At very young ages, children’s defiant behavior toward their mothers may not be a bad thing. This defiance may in fact reflect children’s emerging autonomy and a confidence that they can control events that are important to them.
Those are the findings of a new study conducted by researchers at the University of Texas at Austin and the University of Michigan.
To understand how very young children react to being controlled by their parents, the researchers videotaped 119 mostly middle-class mothers as they interacted with their 14- to 27-month-old children. Mothers were asked to have their children avoid a set of attractive toys and, when play time was over, to get their children to help them clean up those toys they had been allowed to use. Based on the taped interactions, the researchers coded children’s behaviors, categorizing them as being defiant, ignoring requests, or being willingly compliant.
Children were most likely to be defiant and least likely to ignore requests when their mothers were sensitive and had few symptoms of depression, and when children were positively interested in their mothers during the interaction. Children of sensitive mothers also tended to be highly cooperative.
Children with mothers who had symptoms of depression were more likely to ignore requests and less likely to respond with defiance. One reason that some children of mothers with such symptoms develop poorly, the researchers suggested, may be that these children do not develop confident assertion with their mothers, learning instead to be overly passive in the face of obstacles.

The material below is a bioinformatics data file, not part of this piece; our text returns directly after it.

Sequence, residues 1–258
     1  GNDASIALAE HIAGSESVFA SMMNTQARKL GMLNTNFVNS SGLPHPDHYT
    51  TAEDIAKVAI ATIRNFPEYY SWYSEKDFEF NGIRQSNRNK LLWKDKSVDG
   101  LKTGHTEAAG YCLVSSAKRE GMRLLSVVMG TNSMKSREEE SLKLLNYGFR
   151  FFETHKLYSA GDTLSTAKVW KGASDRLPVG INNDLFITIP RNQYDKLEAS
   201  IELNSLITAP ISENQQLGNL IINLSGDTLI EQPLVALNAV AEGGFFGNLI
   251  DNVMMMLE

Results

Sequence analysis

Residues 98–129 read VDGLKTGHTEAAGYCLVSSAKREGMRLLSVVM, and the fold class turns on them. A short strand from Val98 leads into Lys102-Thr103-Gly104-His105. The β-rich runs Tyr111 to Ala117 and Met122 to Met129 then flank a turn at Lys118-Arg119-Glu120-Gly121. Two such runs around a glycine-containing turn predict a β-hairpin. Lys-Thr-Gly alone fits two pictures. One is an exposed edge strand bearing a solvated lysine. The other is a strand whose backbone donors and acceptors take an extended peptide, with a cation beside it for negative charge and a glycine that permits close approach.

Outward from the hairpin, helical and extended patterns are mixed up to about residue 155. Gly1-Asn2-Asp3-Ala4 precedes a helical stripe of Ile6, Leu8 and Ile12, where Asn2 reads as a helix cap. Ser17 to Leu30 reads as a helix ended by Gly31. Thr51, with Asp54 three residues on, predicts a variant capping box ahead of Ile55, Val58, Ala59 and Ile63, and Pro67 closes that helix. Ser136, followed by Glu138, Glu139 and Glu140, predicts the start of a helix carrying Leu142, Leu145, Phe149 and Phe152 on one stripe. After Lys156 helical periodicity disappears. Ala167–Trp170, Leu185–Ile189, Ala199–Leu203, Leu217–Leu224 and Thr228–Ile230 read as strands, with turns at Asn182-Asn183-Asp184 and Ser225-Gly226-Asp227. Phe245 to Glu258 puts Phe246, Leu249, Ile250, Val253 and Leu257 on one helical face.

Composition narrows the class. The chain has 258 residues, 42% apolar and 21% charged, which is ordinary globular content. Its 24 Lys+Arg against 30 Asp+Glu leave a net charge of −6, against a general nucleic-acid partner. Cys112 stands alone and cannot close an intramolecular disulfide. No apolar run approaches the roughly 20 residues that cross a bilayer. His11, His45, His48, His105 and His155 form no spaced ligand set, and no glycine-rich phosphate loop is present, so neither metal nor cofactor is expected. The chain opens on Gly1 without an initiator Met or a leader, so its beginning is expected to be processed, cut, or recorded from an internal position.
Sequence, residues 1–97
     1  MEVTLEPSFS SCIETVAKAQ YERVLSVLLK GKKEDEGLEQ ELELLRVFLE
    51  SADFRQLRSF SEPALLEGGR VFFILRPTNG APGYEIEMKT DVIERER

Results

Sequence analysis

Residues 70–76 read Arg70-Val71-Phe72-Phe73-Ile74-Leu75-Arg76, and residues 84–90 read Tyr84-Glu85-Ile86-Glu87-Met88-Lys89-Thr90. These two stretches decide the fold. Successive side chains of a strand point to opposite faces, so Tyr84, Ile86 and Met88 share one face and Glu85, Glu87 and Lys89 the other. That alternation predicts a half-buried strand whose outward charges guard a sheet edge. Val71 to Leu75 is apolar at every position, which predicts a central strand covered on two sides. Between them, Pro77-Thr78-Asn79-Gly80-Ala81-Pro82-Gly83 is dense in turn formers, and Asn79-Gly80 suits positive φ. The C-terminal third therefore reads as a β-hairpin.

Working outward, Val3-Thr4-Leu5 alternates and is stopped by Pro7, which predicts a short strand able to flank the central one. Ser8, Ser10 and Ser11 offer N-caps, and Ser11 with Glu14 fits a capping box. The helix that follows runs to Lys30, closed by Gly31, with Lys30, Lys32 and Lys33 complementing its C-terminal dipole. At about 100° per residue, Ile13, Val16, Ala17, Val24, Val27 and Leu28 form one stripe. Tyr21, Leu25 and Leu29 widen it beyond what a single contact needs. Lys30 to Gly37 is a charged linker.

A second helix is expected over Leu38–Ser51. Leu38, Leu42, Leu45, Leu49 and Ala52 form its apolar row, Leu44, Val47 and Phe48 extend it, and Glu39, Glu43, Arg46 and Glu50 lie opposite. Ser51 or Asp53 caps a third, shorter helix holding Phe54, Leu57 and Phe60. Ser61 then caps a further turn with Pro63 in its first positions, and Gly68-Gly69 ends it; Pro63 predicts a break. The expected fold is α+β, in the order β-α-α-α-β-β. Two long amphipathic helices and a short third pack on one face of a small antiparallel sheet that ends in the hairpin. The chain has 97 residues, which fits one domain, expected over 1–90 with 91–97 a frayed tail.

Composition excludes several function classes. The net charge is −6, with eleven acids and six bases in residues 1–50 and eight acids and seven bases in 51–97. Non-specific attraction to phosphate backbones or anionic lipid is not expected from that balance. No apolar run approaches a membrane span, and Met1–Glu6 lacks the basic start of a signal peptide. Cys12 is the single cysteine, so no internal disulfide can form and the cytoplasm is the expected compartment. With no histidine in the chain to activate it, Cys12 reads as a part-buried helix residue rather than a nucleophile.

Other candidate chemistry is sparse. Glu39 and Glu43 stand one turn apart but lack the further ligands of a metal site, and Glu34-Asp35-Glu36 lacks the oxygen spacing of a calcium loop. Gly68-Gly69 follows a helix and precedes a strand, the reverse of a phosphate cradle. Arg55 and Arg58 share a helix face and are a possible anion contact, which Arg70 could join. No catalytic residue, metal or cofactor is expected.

These results imply that, at ages when parents first ask children to conform to requests and commands, active resistance is not a sign of problems in child development or in relations between parents and children. To the contrary, at these very young ages, children’s active resistance may reflect a healthy confidence in their ability to control events and natural, although immature, attempts to do so.
“Although a year or two later, high defiance may be a problem, we found that at this age defiance appeared to be a positive development,” according to Theodore Dix, associate professor of human development and family science at the University of Texas at Austin and the study’s lead author. “It increased with age and was associated with variables research has shown predict favorable outcomes for children.”
This study was funded, in part, by the National Science Foundation.
Source: "Autonomy and Children’s Reactions to Being Controlled: Evidence That Both Compliance and Defiance May Be Positive Markers in Early Development" by Dix, T, Stewart, AD (University of Texas at Austin), Gershoff, ET (University of Michigan), and Day, WH (University of Texas at Austin),Child Development, Vol. 78, Issue 4